Monday, November 09, 2009

Nonce Sense

NSPCC/ChildLine have released a study today, which made the front page of Metro and the BBC also covers it.

It turns out that there's been a 132% rise in the number of women being implicated in sex-abuse cases since 2004-5. That's hardly surprising, given the systematic bias against men (whom we shall refer to as "potential paedophiles") working with children. It's also symptomatic of an under-reporting of woman-on-boy assault - like most teenage boys, I certainly wouldn't have complained to the authorities if a female teacher got a bit frisky (chance would be a fine thing!)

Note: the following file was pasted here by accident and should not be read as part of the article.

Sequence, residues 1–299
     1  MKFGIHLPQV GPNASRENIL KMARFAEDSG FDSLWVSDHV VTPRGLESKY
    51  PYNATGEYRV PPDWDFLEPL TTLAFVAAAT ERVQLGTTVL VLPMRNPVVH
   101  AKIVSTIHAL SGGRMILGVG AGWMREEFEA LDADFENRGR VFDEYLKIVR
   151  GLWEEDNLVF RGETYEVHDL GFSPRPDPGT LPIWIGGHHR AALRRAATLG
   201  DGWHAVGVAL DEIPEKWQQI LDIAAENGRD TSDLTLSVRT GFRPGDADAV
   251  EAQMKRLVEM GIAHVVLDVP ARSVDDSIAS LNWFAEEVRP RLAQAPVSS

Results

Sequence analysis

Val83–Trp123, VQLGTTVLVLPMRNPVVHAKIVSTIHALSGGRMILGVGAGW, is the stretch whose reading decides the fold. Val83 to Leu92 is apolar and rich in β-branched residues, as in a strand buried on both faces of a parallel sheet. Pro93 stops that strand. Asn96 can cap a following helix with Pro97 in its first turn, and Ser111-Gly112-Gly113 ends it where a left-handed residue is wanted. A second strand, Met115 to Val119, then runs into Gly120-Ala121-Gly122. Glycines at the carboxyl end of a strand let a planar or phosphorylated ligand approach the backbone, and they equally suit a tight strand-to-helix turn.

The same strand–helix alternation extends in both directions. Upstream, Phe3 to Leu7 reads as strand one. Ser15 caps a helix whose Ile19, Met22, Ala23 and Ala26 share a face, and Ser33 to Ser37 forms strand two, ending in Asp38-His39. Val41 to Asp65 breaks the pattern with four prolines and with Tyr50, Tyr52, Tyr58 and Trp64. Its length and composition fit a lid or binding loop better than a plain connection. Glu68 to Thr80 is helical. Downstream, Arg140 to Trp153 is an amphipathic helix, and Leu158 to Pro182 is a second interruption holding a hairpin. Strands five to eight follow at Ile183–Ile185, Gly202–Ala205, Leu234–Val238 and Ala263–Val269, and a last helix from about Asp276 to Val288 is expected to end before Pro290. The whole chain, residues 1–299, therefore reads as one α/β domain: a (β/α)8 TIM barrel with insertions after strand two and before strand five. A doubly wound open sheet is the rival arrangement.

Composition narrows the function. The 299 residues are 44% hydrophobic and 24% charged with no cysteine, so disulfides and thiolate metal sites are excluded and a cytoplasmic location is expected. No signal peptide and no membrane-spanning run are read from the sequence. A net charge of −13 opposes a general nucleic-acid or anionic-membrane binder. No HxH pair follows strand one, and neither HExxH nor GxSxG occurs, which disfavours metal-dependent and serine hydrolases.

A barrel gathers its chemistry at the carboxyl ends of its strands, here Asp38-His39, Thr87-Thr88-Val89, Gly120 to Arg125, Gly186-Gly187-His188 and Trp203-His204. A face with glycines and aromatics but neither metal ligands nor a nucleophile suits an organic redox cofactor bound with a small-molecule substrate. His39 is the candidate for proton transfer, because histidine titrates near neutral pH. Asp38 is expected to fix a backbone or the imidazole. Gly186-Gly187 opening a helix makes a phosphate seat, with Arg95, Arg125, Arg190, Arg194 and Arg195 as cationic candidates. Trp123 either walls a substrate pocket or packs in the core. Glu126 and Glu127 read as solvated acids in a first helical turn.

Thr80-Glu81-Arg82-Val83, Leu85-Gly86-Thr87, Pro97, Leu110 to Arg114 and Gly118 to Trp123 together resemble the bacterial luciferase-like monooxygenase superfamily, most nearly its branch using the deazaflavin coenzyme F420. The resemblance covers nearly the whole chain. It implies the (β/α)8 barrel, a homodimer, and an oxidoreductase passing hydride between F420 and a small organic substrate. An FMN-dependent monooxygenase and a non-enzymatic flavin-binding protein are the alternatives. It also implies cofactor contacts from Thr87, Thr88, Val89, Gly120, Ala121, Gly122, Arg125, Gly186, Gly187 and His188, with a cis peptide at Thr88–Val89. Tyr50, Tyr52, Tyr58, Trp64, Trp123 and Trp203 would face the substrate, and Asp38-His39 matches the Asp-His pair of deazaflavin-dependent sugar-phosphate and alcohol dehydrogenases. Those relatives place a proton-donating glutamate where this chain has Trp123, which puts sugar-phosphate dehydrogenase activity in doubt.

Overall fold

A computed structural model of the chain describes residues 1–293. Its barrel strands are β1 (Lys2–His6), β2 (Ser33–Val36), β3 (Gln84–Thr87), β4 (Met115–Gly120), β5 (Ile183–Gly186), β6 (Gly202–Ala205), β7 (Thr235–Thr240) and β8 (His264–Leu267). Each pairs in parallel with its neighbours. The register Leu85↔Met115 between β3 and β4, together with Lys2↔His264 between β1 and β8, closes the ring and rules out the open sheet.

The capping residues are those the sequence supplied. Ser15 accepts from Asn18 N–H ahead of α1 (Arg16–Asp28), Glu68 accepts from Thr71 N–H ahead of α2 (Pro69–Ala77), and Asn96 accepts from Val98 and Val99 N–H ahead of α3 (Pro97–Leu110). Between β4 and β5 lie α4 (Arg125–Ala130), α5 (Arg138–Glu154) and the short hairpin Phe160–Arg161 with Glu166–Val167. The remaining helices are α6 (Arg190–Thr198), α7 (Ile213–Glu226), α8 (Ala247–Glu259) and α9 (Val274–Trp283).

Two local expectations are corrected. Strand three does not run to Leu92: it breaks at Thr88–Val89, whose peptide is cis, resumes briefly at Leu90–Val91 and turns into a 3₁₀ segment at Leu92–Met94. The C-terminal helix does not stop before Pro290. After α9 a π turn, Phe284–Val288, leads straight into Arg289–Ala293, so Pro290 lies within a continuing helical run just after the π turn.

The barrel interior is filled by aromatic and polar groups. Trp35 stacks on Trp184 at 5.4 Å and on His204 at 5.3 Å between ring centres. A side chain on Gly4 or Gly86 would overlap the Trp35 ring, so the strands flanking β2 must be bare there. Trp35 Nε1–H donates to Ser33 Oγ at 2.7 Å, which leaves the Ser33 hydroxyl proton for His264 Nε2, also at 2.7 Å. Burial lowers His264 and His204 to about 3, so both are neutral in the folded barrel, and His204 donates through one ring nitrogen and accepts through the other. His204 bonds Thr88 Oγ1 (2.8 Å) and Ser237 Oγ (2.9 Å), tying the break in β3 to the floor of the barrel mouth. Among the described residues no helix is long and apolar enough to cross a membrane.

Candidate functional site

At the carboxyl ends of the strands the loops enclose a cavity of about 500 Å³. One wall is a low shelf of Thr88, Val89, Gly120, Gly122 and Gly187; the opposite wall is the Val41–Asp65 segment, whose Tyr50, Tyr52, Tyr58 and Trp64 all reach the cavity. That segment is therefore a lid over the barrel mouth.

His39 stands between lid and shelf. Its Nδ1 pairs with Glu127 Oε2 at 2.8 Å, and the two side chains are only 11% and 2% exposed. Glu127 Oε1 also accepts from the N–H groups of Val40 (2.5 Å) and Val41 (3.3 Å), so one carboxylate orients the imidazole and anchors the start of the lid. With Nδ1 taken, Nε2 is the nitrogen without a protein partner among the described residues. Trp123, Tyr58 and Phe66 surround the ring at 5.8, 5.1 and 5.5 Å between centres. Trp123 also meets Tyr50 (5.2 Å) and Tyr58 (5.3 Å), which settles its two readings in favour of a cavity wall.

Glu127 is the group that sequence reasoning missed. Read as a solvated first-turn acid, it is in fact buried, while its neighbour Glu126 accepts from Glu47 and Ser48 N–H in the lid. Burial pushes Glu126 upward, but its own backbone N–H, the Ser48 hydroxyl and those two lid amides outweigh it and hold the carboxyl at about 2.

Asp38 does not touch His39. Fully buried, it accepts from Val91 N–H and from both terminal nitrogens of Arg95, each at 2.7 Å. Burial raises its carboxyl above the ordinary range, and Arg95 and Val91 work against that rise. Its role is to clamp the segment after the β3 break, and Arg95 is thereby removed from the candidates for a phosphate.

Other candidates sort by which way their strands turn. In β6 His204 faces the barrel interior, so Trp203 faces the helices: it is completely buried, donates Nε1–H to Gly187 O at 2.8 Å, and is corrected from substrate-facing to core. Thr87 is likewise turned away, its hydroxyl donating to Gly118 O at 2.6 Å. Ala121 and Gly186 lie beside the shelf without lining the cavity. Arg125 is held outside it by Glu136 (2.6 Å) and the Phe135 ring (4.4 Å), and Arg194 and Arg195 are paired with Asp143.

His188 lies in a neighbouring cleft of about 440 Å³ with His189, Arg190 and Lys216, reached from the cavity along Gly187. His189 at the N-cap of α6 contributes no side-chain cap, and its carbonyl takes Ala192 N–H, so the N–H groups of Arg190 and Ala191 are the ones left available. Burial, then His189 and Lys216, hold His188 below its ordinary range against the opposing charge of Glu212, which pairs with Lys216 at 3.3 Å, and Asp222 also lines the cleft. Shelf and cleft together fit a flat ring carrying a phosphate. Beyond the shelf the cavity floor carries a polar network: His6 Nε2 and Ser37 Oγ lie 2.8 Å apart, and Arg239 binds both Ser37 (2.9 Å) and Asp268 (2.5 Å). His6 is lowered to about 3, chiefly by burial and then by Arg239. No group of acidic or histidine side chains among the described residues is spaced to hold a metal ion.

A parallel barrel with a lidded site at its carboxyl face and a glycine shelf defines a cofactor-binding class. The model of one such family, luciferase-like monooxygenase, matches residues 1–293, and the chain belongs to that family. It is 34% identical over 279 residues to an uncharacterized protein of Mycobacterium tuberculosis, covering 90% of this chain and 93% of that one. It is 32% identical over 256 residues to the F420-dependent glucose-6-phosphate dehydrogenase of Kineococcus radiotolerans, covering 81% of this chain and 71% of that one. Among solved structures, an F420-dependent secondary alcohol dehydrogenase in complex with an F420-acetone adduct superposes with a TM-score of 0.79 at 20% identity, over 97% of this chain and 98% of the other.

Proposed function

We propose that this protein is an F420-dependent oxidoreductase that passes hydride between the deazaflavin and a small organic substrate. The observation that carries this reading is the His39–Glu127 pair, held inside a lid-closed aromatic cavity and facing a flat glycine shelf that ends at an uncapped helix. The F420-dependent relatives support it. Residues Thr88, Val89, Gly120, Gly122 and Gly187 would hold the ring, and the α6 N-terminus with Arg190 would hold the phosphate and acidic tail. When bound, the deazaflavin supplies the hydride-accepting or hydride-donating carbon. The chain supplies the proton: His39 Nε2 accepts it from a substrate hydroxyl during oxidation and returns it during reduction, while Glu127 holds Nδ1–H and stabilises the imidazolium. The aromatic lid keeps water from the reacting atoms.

The statistics bear out what we already knew: the vast majority of child abuse is from natural parents and close family. Most of the rest is from step-family, then professional carers. The "paedo under the bed" has - to all intents and purposes - never existed, despite the hysteria about strangers assaulting children.

The number of calls - 16,094 - seems quite high. No doubt there are a fair number of malicious lies there, and a huge number of multiple-callers but, even if not, that represents around one child in 1000 being assaulted. One in a thousand. We're preparing to (ineffectively) vet over 12m people... TWELVE MILLION... for something that affects 0.1% of the population - and that vetting isn't even required of parents or step-parents, despite being 45% of the male and 67% of the female accused.

Sorry, Alan Johnson, looks like the Home Office is yet again failing at Evidence-Based Policymaking.

- KoW

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